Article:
Big Leaf Maple

The Western North American Tree

Acer Macrophyllum

The Big Leaf Maple can grow up to 157 ft. tall, but mostly grows about 49-66 ft. tall. It has the largest leaves of any maple, usually around 5.9–12 in. across, with five deeply incised palmate lobes, with the largest running to 24 in. The 3.9–5.9 in. long raceme of yellow-greenish flowers appear as the leaves are growing in the spring. The fruit is a paired winged samara, each seed 0.39–0.59 in. in diameter with a 1.6–2.0 in. wing. In the more humid parts of its range, like in the Olympic National Park, its bark is covered with epiphytic moss and fern species. It's water needs are low.

Dichotomous Key Characteristics

Leaves are simple, opposite and deciduous; palmately lobed and veined. It has fruit that looks like a pair of airplane propellers. It is an angiosperm, and a dicot.


The wood is used for applications such as furniture, piano frames, salad bowls, stringed instruments, guitar bodies, paddles and spindle wheels. The wood is mainly used in veneer production for furniture, but is also used in musical instrument production, interior paneling, and other hardwood products. The heartwood is a light, reddish-brown, fine-grained, moderately heavy, and moderately hard and strong. In California, land managers do not highly value bigleaf maple, and it's often intentionally knocked over and left un-harvested during harvest of douglas fir and redwood season.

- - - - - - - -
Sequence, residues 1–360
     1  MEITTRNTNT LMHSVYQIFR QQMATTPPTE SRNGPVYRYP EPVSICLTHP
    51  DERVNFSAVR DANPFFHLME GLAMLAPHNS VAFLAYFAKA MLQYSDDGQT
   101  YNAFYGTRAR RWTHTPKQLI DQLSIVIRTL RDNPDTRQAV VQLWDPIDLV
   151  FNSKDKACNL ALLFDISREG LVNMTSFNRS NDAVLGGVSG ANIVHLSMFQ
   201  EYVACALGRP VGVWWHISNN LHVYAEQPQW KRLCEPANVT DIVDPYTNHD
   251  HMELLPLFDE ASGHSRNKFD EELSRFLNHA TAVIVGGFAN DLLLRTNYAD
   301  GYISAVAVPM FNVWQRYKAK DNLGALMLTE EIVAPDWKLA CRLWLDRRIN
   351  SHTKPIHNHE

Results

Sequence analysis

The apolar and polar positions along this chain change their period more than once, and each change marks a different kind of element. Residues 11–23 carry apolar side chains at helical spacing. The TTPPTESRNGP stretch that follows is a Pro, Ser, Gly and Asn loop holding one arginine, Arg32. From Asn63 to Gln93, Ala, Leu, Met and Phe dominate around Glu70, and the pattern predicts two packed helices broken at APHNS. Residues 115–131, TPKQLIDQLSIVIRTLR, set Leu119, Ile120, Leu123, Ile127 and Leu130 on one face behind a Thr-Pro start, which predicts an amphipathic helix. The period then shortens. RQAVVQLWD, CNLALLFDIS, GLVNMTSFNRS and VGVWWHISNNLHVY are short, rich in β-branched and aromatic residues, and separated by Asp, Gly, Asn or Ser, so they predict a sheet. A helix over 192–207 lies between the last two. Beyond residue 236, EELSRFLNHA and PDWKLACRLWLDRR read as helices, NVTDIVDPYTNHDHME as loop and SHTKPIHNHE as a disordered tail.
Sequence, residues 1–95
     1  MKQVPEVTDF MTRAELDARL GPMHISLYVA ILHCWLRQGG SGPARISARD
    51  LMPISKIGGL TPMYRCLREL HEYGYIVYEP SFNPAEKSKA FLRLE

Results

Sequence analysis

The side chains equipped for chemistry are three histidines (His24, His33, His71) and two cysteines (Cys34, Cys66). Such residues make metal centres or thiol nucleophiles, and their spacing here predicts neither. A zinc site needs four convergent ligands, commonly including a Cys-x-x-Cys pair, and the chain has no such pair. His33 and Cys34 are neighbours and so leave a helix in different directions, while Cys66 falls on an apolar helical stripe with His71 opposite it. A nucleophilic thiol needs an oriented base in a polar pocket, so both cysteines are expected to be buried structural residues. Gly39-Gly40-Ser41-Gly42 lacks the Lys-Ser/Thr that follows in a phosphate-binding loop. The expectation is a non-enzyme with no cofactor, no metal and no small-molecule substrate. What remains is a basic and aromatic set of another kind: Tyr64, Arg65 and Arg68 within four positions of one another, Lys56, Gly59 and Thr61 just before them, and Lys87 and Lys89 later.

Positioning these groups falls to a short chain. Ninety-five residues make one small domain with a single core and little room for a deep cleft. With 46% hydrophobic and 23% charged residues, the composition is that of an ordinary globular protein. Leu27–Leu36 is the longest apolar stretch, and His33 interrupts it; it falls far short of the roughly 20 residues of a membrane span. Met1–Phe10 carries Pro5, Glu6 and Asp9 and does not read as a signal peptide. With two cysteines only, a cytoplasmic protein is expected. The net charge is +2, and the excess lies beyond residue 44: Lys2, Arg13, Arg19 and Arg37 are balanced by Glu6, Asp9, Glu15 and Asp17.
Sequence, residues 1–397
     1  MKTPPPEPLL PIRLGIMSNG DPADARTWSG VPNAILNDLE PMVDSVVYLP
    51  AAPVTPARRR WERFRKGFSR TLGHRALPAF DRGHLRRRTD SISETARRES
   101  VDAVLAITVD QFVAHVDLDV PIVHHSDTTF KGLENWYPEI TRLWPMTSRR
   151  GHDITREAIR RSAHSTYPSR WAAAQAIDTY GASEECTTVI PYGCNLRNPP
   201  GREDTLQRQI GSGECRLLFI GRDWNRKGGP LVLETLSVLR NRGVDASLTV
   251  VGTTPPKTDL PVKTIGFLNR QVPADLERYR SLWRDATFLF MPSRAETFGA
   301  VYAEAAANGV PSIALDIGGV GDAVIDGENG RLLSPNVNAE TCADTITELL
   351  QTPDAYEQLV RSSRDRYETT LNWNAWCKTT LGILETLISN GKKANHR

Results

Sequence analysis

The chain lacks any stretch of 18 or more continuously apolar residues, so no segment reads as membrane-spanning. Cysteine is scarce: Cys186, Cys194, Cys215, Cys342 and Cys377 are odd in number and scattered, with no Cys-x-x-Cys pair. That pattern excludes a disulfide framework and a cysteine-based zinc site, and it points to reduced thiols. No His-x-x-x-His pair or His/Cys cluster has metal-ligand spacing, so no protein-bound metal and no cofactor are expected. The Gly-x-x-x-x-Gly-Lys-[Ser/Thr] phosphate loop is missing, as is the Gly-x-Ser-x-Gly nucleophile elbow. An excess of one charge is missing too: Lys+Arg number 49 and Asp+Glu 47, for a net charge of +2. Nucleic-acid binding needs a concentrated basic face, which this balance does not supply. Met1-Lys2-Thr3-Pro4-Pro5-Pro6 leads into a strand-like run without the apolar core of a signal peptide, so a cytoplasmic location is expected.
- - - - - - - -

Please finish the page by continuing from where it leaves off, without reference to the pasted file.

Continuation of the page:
Fun Facts

-Native to the pacific North west.
-Locally grows all through out Ashland.
-Has very large leaves.
-Sap can be made into syrup.
-Can live up to 180-200 years.
-Insects and bees pollinate the tree and produce about 1000 pollen grains for an individual flower. That is a low number of pollen grains when it's compared to wind-pollinated oaks, birches, ashes, poplars, and elms that produce about 10,000 pollen grains per flower.